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Comma.ai – from hacking cell phones to a better Smart Car

By    |   May 3, 2018, 6:32 am EDT

The main challenge that CEO George Hotz is tackling head on is developing smarter computers that can make better decisions. The tracking and data input systems are all there, what’s lacking is how well the car can make decisions on its own.

It’s all about how the technology can make interpretations on the spot and develop new models that can make better quality decisions. With the controversy around self-driving cars making headlines around the world, George is trying to make sure that the tech behind Comma.ai is pristine.

George’s online avatar Geohot has been one of the most popular internet characters in recent memory. His claim to fame was a few years ago when he successfully hacked into an iPhone and became the first person to do so at the age of 17. A few years after, he was done with hacking and wanted to do something innovative instead.

That’s when in 2015 George started a new company called Comma.ai. He wanted to take smart cars and make it available to anyone anywhere. Not only that, he wanted to make any car instantly become a smart car through his product.

George started off with creating an app called Chffr, which was a dash-cam for a car. Chffr gave you all the information you needed about your car and made it easy for everyday drivers to track their car’s stats better.

This was an ingenious move, as the free app got access to a lot of data being sent in by users. When they started to launch their self-driving product, they had already collected 300,000 miles of free data and over 8000 hours of raw footage. That’s a lot of high-quality information that was available to George to launch his new product.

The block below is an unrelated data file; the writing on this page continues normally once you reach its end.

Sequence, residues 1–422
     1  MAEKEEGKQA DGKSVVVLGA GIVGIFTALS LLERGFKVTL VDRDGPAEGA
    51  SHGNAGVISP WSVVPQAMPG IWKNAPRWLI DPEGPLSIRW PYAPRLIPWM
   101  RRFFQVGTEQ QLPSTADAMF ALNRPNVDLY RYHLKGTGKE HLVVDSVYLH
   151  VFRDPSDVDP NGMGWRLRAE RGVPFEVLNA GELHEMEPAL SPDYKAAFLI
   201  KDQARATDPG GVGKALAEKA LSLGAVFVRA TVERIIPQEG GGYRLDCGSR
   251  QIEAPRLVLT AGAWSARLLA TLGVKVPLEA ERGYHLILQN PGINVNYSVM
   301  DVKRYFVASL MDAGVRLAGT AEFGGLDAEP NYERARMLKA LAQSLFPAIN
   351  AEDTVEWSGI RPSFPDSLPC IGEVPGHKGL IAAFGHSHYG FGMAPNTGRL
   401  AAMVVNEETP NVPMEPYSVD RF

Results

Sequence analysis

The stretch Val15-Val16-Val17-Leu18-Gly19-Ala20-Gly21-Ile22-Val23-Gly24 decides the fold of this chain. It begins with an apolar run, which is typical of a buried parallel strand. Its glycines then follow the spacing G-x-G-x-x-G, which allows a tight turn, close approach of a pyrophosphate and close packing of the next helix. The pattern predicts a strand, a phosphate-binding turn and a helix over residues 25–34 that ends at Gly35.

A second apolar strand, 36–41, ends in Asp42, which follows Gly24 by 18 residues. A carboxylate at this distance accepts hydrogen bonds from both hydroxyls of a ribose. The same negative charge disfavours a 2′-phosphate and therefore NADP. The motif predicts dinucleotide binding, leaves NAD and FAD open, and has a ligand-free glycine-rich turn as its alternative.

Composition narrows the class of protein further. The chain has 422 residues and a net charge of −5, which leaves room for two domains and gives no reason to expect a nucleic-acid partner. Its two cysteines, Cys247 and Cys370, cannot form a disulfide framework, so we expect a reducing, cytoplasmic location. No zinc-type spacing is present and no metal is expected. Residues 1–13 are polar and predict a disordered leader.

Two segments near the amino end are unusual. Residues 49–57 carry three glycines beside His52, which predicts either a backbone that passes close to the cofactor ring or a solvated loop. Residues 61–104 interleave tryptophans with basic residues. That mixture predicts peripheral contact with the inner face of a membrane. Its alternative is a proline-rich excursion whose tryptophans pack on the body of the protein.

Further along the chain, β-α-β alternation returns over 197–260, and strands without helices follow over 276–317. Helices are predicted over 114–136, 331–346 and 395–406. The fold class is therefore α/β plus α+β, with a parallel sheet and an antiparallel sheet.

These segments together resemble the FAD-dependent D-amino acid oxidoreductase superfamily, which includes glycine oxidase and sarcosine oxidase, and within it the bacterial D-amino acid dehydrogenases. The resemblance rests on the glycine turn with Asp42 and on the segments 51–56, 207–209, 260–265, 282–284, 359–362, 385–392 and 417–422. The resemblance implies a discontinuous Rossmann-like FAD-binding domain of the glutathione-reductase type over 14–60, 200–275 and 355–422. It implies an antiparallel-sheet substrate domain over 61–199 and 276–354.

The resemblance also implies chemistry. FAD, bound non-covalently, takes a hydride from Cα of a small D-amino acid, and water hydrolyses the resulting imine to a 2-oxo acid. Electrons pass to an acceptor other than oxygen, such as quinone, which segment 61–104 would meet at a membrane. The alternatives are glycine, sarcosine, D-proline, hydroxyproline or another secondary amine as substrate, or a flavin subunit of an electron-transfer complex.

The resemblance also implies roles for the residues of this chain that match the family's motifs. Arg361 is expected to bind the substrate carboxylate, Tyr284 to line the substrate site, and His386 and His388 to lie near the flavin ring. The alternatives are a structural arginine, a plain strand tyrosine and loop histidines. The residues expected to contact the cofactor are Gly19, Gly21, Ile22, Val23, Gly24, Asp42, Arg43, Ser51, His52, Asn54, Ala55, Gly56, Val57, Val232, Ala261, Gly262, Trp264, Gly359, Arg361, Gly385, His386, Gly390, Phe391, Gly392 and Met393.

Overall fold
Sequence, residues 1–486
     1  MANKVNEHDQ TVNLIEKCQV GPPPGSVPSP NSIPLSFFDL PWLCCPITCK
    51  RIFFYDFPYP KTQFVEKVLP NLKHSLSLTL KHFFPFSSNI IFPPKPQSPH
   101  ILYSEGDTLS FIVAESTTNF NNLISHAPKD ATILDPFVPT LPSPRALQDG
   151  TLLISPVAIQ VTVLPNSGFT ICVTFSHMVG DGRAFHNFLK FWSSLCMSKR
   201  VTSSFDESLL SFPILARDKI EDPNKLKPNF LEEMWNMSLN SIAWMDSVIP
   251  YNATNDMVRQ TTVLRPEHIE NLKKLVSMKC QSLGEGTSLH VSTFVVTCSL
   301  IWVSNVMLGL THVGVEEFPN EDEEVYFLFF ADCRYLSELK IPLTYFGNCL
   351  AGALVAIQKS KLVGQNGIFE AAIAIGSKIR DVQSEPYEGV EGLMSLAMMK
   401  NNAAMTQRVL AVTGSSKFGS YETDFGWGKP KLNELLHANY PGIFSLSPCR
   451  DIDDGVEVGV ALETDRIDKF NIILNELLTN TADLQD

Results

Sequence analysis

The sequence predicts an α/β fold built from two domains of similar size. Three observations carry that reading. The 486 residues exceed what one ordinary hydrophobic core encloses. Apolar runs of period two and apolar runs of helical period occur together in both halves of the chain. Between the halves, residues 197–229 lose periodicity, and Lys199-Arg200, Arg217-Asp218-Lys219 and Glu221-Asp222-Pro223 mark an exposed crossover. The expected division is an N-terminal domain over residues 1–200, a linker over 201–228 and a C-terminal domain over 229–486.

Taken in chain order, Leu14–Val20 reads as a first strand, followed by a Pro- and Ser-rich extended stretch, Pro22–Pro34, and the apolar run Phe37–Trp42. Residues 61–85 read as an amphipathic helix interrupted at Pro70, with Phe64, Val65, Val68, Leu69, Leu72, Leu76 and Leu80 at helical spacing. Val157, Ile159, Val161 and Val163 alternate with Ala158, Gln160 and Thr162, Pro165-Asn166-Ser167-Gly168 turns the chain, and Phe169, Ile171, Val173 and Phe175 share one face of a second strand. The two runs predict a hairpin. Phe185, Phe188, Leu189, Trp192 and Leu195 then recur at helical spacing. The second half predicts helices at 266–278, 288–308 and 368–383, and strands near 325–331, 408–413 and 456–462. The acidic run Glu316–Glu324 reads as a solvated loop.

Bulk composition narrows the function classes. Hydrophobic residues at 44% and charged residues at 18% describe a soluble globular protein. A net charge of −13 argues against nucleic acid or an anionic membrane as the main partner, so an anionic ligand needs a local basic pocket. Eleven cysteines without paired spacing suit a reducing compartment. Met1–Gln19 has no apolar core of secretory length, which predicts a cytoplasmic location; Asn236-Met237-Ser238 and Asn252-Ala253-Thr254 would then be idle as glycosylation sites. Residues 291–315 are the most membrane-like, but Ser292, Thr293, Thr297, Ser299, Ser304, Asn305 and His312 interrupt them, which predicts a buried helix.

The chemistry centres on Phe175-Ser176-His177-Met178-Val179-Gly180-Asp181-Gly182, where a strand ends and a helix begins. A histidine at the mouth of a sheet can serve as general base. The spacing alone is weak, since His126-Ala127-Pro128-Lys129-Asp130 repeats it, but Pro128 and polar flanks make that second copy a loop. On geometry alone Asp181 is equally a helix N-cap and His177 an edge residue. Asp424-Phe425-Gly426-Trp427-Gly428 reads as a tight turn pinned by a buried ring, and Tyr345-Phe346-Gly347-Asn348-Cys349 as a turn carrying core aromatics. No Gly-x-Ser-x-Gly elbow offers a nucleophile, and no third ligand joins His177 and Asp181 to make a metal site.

What George ended up creating was a self-driving kit that anyone could install in their vehicles. All you need to do is to fit the kit onto to the car and you have a self-driving element ready to work. The price was set at an incredibly low $999 + $24/month, so that the product could be used by as many people as possible.

What happened next is something that’s become a learning lesson in Silicon Valley. George had vocal differences with Elon Musk about the kind of technology that should back driverless cars. They exchanged opinions many times over and George ultimately stuck to his guns.

In 2016, Comma was issued a cease and desist order which changed the way that he would be running his company for the years to come. The National Highway and Traffic Safety Administration didn’t want the Comma One to be released at scale, and effectively shut down the project.

Subsequently, the NHTSA issued a “special order”, asking George all sorts of questions about regulatory compliances and core-technology parameters. There wasn’t much information provided about why it shut down, but in a tweet issued from the official Comma.ai account, mentioned China as a potential market.